The ground floor of OCAT seems at first glance like a retrospective of Jia Aili’s paintings. Included are some drafts and documents related to his works in recent years, encased in glass vitrines, along with some sketches hung on the walls. For instance, the grey brush tones in “Untitled” (2007) blurrily portray a certain place he has been to in his life. Yet Jia Aili’s work has a greater absorptive power: in the large piece “Untitled” (2012), we see a disintegrating private space; old-style furniture like cabinets and beds signify the bygone days of peace and quiet, but then suddenly this is laid bare in an environment full of symbolism and terrifying electric sparks in a nuclear facility. The desolation in the foreground and the nuclear launch site in the background horrifyingly “press” against this private space. Similarly, “A Pure and Silent Friend” (2012), we see a boy with a red neckerchief standing above what looks like a reflection; the stark luminous expressive effect brought about by the artist’s academic training is set next to this unnatural space. Even if the somber colors to the right of the boy’s head are not in the same dimension in terms of the spatial significance of the painting surface, this creates subtle hints of a certain tension. Such details are perhaps products of the artist’s imagination (one thinks of the movie Avatar), but also harbor a sense of the surreal urban desolation found in Neo Rausch—but like that correspondingly blurry brushwork, hovering between clarity and vagueness, what we see in the eerily stark contrasts of light is a mental state of bewilderment and a subconscious psychological crisis. The large piece “Untitled” (2014) created this year by the artist even more clearly systematizes this sense of fracture and crisis; though in terms of its more discerning color composition and pictorial form, it has not let go of the “academic” cicatrices branded upon this generation of artists.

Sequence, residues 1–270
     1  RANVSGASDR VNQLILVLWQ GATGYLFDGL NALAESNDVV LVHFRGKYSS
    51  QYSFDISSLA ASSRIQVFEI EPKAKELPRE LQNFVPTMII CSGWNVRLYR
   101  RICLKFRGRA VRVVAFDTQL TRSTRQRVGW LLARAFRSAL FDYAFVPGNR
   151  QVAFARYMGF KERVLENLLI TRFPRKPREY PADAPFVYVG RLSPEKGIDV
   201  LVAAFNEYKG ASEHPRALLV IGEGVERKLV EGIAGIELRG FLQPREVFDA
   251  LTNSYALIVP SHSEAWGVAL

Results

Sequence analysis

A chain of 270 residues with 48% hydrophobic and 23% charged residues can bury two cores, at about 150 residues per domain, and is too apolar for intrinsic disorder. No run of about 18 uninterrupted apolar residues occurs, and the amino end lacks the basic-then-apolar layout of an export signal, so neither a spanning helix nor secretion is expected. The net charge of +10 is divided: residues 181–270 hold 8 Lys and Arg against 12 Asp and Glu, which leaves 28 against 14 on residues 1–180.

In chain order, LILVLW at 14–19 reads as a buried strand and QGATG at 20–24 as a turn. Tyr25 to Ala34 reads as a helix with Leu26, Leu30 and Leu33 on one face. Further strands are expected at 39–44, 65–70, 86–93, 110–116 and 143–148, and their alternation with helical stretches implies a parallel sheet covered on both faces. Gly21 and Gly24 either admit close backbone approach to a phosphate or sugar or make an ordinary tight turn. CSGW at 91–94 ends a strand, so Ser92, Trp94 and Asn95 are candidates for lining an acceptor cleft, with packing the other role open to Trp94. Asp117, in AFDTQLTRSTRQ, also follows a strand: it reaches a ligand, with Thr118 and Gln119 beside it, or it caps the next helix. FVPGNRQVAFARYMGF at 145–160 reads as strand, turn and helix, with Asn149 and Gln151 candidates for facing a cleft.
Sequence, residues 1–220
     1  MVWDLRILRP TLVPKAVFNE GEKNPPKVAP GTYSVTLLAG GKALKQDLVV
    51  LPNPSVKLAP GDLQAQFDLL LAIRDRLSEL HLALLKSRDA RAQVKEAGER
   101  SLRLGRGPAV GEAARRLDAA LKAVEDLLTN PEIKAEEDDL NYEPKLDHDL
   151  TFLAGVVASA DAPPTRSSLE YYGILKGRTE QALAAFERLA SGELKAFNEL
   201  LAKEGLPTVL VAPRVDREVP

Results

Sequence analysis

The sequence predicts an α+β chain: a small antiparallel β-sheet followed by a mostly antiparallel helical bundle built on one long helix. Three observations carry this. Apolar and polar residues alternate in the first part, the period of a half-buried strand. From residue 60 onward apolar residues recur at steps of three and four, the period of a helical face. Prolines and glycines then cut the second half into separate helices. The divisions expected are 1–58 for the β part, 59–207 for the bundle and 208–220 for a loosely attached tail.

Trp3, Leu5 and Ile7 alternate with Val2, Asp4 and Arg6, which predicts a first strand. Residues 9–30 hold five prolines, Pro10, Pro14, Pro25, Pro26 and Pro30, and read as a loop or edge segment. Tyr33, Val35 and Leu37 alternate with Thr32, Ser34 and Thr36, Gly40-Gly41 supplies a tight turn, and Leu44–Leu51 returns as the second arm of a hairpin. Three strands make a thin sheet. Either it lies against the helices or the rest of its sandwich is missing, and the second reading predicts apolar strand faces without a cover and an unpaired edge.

For all sorts of reasons related to history and the mode of education, for many Chinese artists, painting is the “base camp” at the start of their artistic journey, providing practically everything they need: a mature set of technical and practical models, a group of popular exemplars (Cézanne, Freud, Morandi, and so on), and even a set of quantifiable critical criteria (in the form of several decades of the art gaokao system—entrance examinations to art schools). Not only that, but there is also a fairly widespread base of public approval. Practically all well-known installation, video and performance artists—Zhao Bandi, Huang Yong Ping, Zhang Peili, Ma Liuming, Qiu Zhijie, Sun Yuan & Peng Yu and so forth—have come from this camp; at the same time, after the decade-long rough-and-tumble of their experiments in performance, installation and video, with the overwhelming presence of local capital within art dealings across the board, painting can naturally become a much-cherished bedrock to which they can look back and return. In honest truth, the question of painting is not as simple as being “outmoded” or “finished”; at least in China, painting is not a field that needs to be defended, quite unlike, say, folk paper-cuts, Hakka tulou [circular clan buildings], Mongolian throat singing and other such heritage arts. Painting’s distinctive path and destiny in contemporary China indicates that a thoroughgoing reflection on the effectiveness, crisis and significance of painting would perhaps be more apt in the future.

Li Shurui, “An Inviated View”, mural painting, household paint, site-specific work, 2014.

Jia Aili, “Untitled”, oil on canvas, 170 x 207 cm, 2012
贾蔼力,《未命名》,布面油画,170 x 207 cm,2012